THE PHILIPPINES and the European Free Trade Association (Efta) have substantially moved forward negotiations on a free trade agreement following the fourth round of talks last week.
“The meetings were held in a positive and efficient atmosphere and substantial progress was achieved in all areas,” the Efta said.
According to Efta, the working groups convened on November 24-27 in Geneva, Switzerland, to discuss all areas under negotiation, including trade in goods and services, investment, intellectual property rights, sustainable development, government procurement, legal and institutional issues, technical barriers to trade, sanitary and phytosanitary measures, trade remedies, rules of origin and trade facilitation.
The Filipino panel was led by Trade Undersecretary Adrian Cristobal Jr while Ambassador Didier Chambovey of the Swiss State Secretariat for Economic Affairs (Seco) acted as the spokesperson for the four member-states of Efta, namely Switzerland, Norway, Iceland and Liechtenstein.
The fifth round of negotiations is seen to take place in early 2016 in the Philippines.
Trade Assistant Secretary Ceferino Rodolfo earlier said that the Philippines would be seeking greater access to the services sector of Efta, particularly in the maritime and construction sectors, during the fourth round of negotiations.
“What we’re interested in is maritime services so that our people can work in their maritime and shipping industries. We are also interested in the construction sector in general and in addition, the services related to construction like architectural and drafting services. There may be some limitations to practising there,” Rodolfo explained.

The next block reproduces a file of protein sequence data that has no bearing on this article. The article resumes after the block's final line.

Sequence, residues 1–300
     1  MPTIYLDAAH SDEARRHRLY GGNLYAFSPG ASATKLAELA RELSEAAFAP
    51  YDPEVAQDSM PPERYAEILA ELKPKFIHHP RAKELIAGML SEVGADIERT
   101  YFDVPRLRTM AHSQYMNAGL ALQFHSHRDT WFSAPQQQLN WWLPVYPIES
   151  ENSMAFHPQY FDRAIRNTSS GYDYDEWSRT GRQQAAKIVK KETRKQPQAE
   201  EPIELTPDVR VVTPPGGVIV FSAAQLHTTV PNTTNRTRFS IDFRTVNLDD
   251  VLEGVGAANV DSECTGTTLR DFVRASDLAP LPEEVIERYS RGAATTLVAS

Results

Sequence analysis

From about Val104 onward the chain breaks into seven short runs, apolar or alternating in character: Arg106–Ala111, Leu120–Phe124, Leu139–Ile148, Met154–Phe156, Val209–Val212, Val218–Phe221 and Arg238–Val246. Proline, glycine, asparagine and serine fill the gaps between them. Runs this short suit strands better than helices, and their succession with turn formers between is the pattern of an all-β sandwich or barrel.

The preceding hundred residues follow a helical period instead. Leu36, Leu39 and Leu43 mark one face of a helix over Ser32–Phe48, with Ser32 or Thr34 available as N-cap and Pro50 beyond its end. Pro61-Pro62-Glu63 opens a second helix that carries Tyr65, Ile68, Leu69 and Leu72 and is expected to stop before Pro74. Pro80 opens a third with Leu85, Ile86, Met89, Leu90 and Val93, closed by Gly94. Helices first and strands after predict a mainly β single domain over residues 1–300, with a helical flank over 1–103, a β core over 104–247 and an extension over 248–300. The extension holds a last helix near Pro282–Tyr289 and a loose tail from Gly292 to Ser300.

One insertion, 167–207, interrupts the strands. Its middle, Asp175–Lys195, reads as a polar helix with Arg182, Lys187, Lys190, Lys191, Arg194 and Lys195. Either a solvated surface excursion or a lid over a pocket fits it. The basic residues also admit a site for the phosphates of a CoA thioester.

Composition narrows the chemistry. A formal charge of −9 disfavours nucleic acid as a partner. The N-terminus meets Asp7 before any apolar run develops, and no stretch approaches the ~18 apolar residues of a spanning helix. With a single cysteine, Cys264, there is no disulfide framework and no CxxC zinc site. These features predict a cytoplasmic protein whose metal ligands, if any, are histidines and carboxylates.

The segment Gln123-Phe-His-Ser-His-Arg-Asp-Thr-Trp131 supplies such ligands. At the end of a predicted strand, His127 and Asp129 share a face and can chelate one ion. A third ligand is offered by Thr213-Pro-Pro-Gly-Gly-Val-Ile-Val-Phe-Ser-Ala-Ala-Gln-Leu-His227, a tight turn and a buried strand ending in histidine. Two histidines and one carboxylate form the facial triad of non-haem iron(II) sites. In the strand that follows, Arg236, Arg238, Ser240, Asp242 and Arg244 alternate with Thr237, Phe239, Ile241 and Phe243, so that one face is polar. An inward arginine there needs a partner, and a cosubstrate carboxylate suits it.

According to Rodolfo, the negotiations between the Philippines and the four members of Efta could be considered in the advanced stage as both parties were now on the “same page.”
The trade official had stressed that what the Philippines and Efta were offering on the table were complementary in terms of the nature of products and price range.
For instance, there was an advantage to manufacturing goods here that are labour intensive in nature, while Efta countries have the advantage in producing goods of high technology. The same goes for agricultural and fisheries products as well.
Efta was deemed an important global economic player and trading partner of the country.
Last year, the total commodity trade between Efta states and the Philippines amounted to $636 million (Bt 22.8 billion), while total foreign direct investments have risen steadily in the last few years.